Sen. Antonio Trillanes IV, a former Philippine Navy officer and one of Duterte’s harshest critics, said the aircraft landing in Davao City was “wrong in so many levels.” He questioned why of all the airports in the region [Mindanao], the plane had to refuel in Davao City, Duterte’s hometown. He said, “This is not the first time such a plane landed in Davao City” because a similar one was spotted there “few weeks before [June 8].” He also said, “The fact that it’s a cargo plane, most probably they unloaded some precious cargo. We’re trying to verify on the ground what was unloaded.” He also branded as a “lie” the government’s claim that the plane was in Davao to refuel, noting that it was a cargo aircraft. “Where will this plane go from Davao or where did it come from, except that Davao was the ultimate destination?” he said.
At a crossroads
Custodio said that Philippine independence – or sovereignty — is at a crossroads. “It can choose the path to defend its interests, defend the sacrifices of our forefathers who fought for freedom, or it can go this path and become a vassal state of China,” he said.
“The thing with China is it knows it has its foot in [already]. So [this time] it’s going to bring its entire body in,” he added. “That’s something we have to watch out [for].”
Surmise it to say, the refueling in Davao City could have been be the first step in a series of maneuvers to pierce the Philippines’ sovereignty. Indeed, China has already opened the country’s backdoors in Davao City and established direct communication link with Duterte. All China has to do now is send her troops on the pretense of fighting ISIS in Mindanao. China has demonstrated that its military aircraft and warships could intrude into Philippine territory at will and the Philippine government wouldn’t do anything to stop her.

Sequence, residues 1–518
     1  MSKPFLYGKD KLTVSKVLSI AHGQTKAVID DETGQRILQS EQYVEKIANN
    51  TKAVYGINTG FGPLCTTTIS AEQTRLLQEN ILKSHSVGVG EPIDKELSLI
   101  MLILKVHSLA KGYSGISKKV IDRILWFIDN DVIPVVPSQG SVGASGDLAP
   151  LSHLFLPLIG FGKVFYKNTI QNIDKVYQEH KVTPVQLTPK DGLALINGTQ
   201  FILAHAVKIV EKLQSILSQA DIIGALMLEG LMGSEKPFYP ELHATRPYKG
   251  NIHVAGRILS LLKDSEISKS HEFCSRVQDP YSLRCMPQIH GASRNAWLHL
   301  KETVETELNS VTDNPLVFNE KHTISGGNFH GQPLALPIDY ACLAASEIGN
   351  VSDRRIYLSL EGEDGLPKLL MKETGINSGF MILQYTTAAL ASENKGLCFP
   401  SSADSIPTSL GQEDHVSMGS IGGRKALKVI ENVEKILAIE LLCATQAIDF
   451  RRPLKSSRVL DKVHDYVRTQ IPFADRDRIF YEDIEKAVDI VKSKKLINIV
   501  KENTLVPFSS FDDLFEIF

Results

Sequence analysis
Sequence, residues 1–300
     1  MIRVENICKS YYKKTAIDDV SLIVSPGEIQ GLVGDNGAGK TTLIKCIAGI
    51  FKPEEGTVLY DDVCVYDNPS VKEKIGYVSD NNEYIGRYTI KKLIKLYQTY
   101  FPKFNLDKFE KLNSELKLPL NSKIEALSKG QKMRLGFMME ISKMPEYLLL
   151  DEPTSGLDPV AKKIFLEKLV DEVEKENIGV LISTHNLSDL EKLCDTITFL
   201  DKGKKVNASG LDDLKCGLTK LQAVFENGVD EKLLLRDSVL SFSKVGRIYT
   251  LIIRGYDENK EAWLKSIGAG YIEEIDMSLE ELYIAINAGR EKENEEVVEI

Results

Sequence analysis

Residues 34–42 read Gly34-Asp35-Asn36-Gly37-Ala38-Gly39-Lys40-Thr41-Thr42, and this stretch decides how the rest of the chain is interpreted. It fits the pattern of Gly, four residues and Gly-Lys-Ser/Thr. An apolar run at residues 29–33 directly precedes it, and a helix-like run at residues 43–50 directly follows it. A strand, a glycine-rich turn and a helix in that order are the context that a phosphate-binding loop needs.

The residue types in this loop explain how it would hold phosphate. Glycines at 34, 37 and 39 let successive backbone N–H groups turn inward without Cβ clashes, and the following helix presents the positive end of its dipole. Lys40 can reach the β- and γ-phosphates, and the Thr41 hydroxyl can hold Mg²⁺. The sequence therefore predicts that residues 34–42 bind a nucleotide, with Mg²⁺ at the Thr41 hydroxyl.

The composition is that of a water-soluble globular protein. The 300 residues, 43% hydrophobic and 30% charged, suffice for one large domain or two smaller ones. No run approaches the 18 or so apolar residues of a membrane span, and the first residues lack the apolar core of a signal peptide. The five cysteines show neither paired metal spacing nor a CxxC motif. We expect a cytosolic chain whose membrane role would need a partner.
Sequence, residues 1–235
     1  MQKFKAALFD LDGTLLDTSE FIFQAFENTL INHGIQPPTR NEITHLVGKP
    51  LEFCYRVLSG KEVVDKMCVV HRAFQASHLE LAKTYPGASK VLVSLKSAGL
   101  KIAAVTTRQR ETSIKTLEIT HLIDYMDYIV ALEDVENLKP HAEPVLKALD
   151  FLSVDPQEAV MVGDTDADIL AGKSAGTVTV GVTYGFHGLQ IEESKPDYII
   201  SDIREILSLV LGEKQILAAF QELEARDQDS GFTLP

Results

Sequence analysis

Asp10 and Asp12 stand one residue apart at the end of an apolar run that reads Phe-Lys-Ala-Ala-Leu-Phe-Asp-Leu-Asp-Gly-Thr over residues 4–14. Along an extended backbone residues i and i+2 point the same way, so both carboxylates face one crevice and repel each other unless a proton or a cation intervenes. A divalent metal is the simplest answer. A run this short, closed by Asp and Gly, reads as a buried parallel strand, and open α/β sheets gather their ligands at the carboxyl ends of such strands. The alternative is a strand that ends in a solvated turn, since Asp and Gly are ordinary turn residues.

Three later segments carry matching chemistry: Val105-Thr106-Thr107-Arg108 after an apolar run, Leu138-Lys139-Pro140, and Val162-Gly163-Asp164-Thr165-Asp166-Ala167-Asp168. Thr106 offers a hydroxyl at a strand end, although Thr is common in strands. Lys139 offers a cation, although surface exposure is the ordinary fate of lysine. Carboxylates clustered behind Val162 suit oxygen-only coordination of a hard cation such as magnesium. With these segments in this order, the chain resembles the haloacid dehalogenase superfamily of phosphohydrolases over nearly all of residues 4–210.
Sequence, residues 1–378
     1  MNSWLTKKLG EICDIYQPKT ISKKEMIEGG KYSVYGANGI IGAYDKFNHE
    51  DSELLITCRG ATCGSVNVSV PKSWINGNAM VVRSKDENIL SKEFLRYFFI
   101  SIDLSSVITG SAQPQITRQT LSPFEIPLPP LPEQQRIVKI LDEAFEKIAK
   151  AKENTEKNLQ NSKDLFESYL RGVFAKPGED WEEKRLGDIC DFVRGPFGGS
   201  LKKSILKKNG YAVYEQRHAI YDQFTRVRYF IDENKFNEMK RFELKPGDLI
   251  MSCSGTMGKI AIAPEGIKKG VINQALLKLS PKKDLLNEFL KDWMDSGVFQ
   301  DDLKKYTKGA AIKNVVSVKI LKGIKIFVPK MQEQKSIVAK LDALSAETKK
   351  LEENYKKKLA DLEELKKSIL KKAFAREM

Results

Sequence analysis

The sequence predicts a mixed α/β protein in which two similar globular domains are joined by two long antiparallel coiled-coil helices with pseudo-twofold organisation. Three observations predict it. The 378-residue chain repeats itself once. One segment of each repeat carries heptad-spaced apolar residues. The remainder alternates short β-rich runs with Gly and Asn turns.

Xi Jinping knew that he has Duterte on a string. Indeed, Duterte is at Xi’s beck and call. And because of Duterte’s reluctance to go to war against China, if Xi tells him to jump, Duterte would probably say, “How high, boss?” In other words, Philippine sovereignty is rendered meaningless. As I mentioned in my recent column, “Sovereignty without security” (June 1, 2018), “What Duterte is now left with is a sovereign country without security. But as a wise man once said, ‘If you cannot defend and secure the independence of your country, then you are not sovereign.’ If not, what are we then?”
And this brings the issue of sovereignty to the fore, which is: Is President Duterte remiss in protecting the country’s sovereignty? (PerryDiaz@gmail.com)